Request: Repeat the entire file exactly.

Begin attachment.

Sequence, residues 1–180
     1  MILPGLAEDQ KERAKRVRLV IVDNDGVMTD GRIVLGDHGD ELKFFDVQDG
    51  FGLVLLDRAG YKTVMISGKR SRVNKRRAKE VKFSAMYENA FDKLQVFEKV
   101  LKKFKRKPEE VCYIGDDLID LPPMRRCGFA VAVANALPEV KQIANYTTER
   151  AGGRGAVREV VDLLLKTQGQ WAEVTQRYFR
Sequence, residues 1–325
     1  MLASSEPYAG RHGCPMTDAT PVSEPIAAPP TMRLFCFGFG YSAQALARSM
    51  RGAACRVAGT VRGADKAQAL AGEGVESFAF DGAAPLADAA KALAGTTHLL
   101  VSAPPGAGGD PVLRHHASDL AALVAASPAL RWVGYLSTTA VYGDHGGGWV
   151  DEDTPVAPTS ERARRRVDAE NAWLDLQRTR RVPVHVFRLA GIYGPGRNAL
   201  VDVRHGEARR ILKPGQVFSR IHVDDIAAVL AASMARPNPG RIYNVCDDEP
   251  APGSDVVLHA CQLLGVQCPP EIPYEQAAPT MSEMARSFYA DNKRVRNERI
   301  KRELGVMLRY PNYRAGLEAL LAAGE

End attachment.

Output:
Sequence, residues 1–180
     1  MILPGLAEDQ KERAKRVRLV IVDNDGVMTD GRIVLGDHGD ELKFFDVQDG
    51  FGLVLLDRAG YKTVMISGKR SRVNKRRAKE VKFSAMYENA FDKLQVFEKV
   101  LKKFKRKPEE VCYIGDDLID LPPMRRCGFA VAVANALPEV KQIANYTTER
   151  AGGRGAVREV VDLLLKTQGQ WAEVTQRYFR
Sequence, residues 1–325
     1  MLASSEPYAG RHGCPMTDAT PVSEPIAAPP TMRLFCFGFG YSAQALARSM
    51  RGAACRVAGT VRGADKAQAL AGEGVESFAF DGAAPLADAA KALAGTTHLL
   101  VSAPPGAGGD PVLRHHASDL AALVAASPAL RWVGYLSTTA VYGDHGGGWV
   151  DEDTPVAPTS ERARRRVDAE NAWLDLQRTR RVPVHVFRLA GIYGPGRNAL
   201  VDVRHGEARR ILKPGQVFSR IHVDDIAAVL AASMARPNPG RIYNVCDDEP
   251  APGSDVVLHA CQLLGVQCPP EIPYEQAAPT MSEMARSFYA DNKRVRNERI
   301  KRELGVMLRY PNYRAGLEAL LAAGE